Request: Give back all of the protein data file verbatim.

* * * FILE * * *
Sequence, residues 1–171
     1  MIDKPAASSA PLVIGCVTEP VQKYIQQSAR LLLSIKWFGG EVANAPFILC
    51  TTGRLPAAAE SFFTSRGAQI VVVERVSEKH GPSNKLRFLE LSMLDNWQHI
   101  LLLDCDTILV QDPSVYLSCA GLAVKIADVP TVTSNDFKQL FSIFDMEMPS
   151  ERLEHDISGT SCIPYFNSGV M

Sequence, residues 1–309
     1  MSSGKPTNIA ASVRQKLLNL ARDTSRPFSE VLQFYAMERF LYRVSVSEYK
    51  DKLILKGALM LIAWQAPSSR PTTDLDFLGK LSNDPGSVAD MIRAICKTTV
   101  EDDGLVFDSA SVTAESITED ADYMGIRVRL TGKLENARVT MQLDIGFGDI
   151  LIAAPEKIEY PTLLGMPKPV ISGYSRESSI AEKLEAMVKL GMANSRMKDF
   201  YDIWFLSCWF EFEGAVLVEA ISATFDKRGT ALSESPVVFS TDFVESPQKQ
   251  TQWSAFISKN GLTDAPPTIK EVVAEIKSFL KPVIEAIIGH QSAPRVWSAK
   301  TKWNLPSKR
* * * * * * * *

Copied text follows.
Sequence, residues 1–171
     1  MIDKPAASSA PLVIGCVTEP VQKYIQQSAR LLLSIKWFGG EVANAPFILC
    51  TTGRLPAAAE SFFTSRGAQI VVVERVSEKH GPSNKLRFLE LSMLDNWQHI
   101  LLLDCDTILV QDPSVYLSCA GLAVKIADVP TVTSNDFKQL FSIFDMEMPS
   151  ERLEHDISGT SCIPYFNSGV M

Sequence, residues 1–309
     1  MSSGKPTNIA ASVRQKLLNL ARDTSRPFSE VLQFYAMERF LYRVSVSEYK
    51  DKLILKGALM LIAWQAPSSR PTTDLDFLGK LSNDPGSVAD MIRAICKTTV
   101  EDDGLVFDSA SVTAESITED ADYMGIRVRL TGKLENARVT MQLDIGFGDI
   151  LIAAPEKIEY PTLLGMPKPV ISGYSRESSI AEKLEAMVKL GMANSRMKDF
   201  YDIWFLSCWF EFEGAVLVEA ISATFDKRGT ALSESPVVFS TDFVESPQKQ
   251  TQWSAFISKN GLTDAPPTIK EVVAEIKSFL KPVIEAIIGH QSAPRVWSAK
   301  TKWNLPSKR